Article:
White House Press Secretary Sarah Huckabee Sanders told reporters yesterday that when Rudy Giuliani told the world on Wednesday that Donald Trump reimbursed his attorney for the hush-money payoff to a porn star in 2016, it was “the first awareness” she had of those details.
By all accounts, she wasn’t the only one who was surprised. The Washington Post had an interesting report yesterday on members of the president’s team having no idea in advance what Giuliani would say or why he’d say it.
The White House counsel had no idea. Neither did the White House chief of staff, nor the White House press secretary, nor the new White House lawyer overseeing its handling of the Russia investigation.
They watched, agog, as Giuliani, the president’s recently-installed personal attorney, freestyled on live television Wednesday night about the president’s legal troubles and unveiled an explosive new fact.
Making matters slightly worse, the Post added that neither White House Counsel Donald McGahn nor Emmet Flood, the newest member of the president’s legal team, “knew that Trump had reimbursed Cohen before Giuliani revealed it on television Wednesday night.”
In other words, top White House officials weren’t just blindsided by Giuliani’s willingness to blurt out important details, they were also blindsided by the details themselves.
A Wall Street Journal article added that senior aides in the White House and the rest of his legal team were left “stunned” by the developments.
I don’t doubt that’s true. What I’m curious about, though, is whether personnel in the West Wing – at least the folks who’ve been around for a while – are getting used to that feeling.
When Trump tapped Rear Adm. Ronny Jackson to lead the Department of Veterans Affairs, White House officials were blindsided. When Trump threatened China with $100 billion in new tariffs, he’d consulted with no one and surprised nearly everyone on his team.
When Trump warned Russia to “get ready” because American missiles would soon strike Syria, he neglected to offer a similar warning to his own aides.
When the president asked Larry Kudlow to lead the White House National Economic Council, everyone in Trump World was caught off-guard. Similarly, no one on the president’s team knew he’d hire, and then soon after dismiss, Joe diGenova from his legal defense team.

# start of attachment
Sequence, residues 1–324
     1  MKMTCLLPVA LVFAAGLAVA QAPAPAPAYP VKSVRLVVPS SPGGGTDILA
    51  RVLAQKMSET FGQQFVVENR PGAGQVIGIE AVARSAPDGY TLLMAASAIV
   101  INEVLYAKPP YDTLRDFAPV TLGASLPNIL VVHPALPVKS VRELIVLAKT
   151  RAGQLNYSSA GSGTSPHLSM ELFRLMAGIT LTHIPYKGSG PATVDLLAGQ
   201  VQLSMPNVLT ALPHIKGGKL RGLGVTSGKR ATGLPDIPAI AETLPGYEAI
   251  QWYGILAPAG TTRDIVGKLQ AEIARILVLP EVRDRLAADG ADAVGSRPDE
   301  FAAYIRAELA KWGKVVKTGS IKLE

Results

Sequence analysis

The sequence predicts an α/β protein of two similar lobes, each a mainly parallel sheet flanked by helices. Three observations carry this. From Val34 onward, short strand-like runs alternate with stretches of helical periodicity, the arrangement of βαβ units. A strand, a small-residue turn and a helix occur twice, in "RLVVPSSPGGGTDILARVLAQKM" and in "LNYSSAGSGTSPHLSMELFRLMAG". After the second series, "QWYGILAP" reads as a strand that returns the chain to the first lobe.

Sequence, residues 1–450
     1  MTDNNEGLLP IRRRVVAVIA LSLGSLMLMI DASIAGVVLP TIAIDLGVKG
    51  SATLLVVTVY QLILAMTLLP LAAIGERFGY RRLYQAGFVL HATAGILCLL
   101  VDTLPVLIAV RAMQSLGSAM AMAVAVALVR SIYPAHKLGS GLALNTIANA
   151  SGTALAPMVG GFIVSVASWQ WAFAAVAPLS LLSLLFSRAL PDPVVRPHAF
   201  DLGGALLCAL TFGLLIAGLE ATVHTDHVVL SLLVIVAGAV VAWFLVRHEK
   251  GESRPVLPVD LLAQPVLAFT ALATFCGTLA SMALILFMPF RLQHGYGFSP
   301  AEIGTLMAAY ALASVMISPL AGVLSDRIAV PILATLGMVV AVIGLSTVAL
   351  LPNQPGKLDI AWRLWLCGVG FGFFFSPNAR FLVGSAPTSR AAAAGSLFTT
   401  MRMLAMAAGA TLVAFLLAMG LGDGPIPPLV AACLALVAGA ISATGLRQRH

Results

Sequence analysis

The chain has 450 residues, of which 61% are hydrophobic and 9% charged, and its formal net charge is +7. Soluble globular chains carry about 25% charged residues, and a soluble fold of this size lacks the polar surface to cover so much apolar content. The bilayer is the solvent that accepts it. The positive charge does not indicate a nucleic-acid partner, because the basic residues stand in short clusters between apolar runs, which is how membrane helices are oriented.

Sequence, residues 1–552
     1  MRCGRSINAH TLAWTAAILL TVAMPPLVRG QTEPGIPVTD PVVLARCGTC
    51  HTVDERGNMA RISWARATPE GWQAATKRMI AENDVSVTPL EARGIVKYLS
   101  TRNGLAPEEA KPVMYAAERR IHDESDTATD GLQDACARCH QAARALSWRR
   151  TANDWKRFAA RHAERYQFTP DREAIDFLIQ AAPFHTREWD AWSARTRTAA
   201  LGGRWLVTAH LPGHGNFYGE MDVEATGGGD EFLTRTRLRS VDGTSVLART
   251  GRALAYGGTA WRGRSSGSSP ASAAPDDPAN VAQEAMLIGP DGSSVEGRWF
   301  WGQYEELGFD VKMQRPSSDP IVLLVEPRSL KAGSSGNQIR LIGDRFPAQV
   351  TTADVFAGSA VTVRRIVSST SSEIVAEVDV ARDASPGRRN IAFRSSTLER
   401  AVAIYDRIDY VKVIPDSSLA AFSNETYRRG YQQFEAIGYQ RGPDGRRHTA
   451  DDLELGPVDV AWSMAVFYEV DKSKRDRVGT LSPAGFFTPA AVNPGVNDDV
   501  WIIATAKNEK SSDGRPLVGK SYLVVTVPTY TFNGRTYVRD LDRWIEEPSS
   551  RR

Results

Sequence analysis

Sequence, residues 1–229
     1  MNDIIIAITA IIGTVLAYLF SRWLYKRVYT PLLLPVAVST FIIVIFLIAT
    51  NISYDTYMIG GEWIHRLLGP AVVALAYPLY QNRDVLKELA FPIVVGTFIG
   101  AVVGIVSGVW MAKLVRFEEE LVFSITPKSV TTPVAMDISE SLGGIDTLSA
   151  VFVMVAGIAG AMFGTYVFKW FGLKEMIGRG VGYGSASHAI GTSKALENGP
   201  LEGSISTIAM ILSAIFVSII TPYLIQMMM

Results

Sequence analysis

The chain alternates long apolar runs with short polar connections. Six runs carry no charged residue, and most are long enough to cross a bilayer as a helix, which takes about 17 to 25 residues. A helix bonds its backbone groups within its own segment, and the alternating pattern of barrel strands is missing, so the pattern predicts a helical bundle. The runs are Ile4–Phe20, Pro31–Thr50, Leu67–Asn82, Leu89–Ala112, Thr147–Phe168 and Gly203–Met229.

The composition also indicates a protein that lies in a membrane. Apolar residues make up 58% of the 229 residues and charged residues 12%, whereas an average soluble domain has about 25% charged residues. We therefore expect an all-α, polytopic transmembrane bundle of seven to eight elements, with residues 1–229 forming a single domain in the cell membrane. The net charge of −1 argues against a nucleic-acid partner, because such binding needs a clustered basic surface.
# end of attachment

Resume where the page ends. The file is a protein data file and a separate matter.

As regular readers may recall, Trump’s aides were blindsided when he announced his intention to withdraw from Syria. They were blindsided when he threatened to veto an omnibus spending bill they’d told the public the president supported. Trump didn’t tell aides he’d ignore their guidance on what to say to Vladimir Putin. He didn’t tell them in advance about his tariffs policy. He didn’t involve them in his decision to meet with Kim Jong-un.
And those are just some of the most recent examples. As we discussed several weeks ago, this has become a staple of Trump’s presidency. His aides didn’t know that he’d denounce a House Republican surveillance bill that the White House supported. The White House staff was also surprised to learn that he’d announced via Twitter that Christopher Wray was his choice to lead the FBI. They were equally startled to read Trump’s tweets banning transgender Americans from military service.
White House aides also didn’t know in advance that Trump would falsely accuse Barack Obama via Twitter of tapping his phone. They also had no idea that the president would tweet news about John Kelly serving as chief of staff.
The Washington Post put it in March, “The mood inside the White House in recent days has verged on mania.” The same week, the New York Times added, ”Inside the West Wing, aides described an atmosphere of bewildered resignation.”
Politico quoted a former White House official saying some aides are “at their wits’ end.”
That was over a month ago – before members of Team Trump learned from the media that the president didn’t tell the truth about reimbursing his lawyer for buying the silence of a porn star.
The question isn’t why the Trump White House is facing a staffing crisis; the question is why the crisis isn’t worse.